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Accessing zips and jars using Java Part 2

  • January 18, 1999
  • By Thornton Rose
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This is the second half of a two part series on accessing zip and jar files using Java. In part one, we explained how to get the table of contents of a zip file or a jar file and how to get the manifest of a jar file. In this part, we'll show you how to create, add files to, and extract files from zips and jars.

Creating

Creating a zip file is easy. Only three lines of code are required:

ZipOutputStream zip = 
 new ZipOutputStream(new FileOutputStream("simple.zip"));
zip.putNextEntry(new ZipEntry("stub"));
zip.close();

To create a jar file, you use the JarOutputStream and JarEntry classes instead of the ZipOutputStream and ZipEntry classes, like this:

JarOutputStream jar = 
 new JarOutputStream(new FileOutputStream("simple.jar"));
jar.putNextEntry(new JarEntry("stub"));
jar.close();

Notice that in both of the code fragments above we add a stub entry. This is necessary because closing a zip file or a jar file that does not have any entries will throw an exception. Also, note that if the zip file or jar file exists, it will be overwritten.

Adding

Adding files to a zip file requires a little more code than getting the table of contents but is not much more difficult. Here is an example program, ZipCreate, that creates a zip file and adds files to it (like the jar tool does when the "c" switch is specified). Both the zip file name and the names of the files to add are read from command-line arguments.

The algorithm for ZipCreate is:

  1. Create a zip output stream for the specified zip file.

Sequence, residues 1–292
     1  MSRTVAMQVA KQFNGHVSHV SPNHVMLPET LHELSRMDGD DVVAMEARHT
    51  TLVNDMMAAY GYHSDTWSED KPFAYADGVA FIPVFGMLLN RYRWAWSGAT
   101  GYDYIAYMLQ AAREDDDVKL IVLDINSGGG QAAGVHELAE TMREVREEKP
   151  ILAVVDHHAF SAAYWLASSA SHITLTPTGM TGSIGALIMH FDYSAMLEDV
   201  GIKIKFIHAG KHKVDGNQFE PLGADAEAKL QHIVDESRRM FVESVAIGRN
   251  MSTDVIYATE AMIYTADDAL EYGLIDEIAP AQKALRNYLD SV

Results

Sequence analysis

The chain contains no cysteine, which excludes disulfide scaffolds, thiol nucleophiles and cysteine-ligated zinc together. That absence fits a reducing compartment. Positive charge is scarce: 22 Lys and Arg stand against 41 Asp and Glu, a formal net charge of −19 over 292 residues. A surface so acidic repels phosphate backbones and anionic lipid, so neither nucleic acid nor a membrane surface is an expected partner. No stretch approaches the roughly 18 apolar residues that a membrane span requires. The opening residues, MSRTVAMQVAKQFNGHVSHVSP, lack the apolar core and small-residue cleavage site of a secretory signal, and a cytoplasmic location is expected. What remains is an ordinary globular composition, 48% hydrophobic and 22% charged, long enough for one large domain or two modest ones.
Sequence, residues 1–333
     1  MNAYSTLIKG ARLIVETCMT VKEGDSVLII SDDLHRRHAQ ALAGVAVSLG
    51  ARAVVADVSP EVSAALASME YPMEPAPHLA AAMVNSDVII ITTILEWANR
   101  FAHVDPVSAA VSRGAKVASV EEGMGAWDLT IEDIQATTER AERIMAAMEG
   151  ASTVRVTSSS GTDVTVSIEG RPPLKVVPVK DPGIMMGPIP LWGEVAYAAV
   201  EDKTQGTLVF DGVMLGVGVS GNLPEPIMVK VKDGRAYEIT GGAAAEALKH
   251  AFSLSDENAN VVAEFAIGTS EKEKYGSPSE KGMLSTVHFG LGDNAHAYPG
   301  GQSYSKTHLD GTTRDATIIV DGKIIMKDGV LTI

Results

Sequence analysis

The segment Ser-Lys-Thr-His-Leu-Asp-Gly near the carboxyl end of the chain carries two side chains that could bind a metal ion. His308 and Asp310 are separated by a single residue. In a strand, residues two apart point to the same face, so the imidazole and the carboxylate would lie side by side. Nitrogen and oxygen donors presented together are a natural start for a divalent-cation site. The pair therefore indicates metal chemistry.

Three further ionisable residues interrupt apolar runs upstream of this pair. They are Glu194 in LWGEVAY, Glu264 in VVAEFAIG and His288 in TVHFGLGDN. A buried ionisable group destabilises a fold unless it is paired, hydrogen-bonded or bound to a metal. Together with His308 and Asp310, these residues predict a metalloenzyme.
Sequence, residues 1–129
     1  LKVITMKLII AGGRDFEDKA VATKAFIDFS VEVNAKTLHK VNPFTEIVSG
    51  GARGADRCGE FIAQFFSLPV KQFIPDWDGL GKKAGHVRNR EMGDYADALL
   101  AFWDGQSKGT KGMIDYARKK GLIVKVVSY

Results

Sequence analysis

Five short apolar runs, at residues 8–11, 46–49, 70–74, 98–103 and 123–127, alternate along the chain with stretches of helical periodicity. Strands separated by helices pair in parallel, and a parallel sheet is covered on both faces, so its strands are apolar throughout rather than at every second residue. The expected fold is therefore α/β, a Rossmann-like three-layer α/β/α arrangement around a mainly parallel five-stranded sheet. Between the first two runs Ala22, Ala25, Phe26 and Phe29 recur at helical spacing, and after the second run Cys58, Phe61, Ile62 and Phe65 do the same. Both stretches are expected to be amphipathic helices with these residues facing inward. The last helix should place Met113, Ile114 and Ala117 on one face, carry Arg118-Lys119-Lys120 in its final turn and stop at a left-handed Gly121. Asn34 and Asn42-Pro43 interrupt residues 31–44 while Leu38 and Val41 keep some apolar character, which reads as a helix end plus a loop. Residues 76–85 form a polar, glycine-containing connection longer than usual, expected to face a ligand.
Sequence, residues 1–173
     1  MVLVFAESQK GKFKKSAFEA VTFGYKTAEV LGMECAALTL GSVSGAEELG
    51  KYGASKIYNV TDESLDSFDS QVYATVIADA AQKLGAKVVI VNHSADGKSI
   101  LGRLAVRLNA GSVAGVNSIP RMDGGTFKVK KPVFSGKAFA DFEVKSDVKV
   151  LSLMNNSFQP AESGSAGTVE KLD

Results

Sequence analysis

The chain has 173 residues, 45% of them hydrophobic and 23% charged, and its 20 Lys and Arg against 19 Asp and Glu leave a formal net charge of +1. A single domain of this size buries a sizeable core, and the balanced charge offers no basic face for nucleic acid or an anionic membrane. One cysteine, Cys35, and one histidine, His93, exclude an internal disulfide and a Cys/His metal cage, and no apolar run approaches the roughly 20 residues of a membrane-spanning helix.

2. Allocate a buffer for reading the input files.
  3. Loop through the command-line arguments, starting at the second one. For each:
    1. Open the named file.
    2. Create a zip entry for the file.
    3. Add the zip entry to the zip.
    4. Read the file data and write it to the zip output stream. (The data will be compressed automatically using the default compression method.)
    5. Close the file.
  4. Close the zip output stream.

To create a jar file and add files to it, you use the algorithm above, but you use the jar classes instead of the zip classes. An example program for doing this, JarCreate, is here.

Note that methods for adding all files that match a given pattern are not provided by the zip and jar classes. You will have to obtain or write your own code for that.

Extracting

Extracting files from a zip file is no more complicated than adding files. You just use different classes. Here is an example program, ZipExtract, that extracts a given file from a given zip file. Both the name of the zip file and the name of the file to extract are read from command-line arguments.

The algorithm for ZipExtract is:

  1. Get the name of the zip file and the name of the file to extract.
  2. Open the zip file.
  3. Get the zip entry that corresponds to the given file.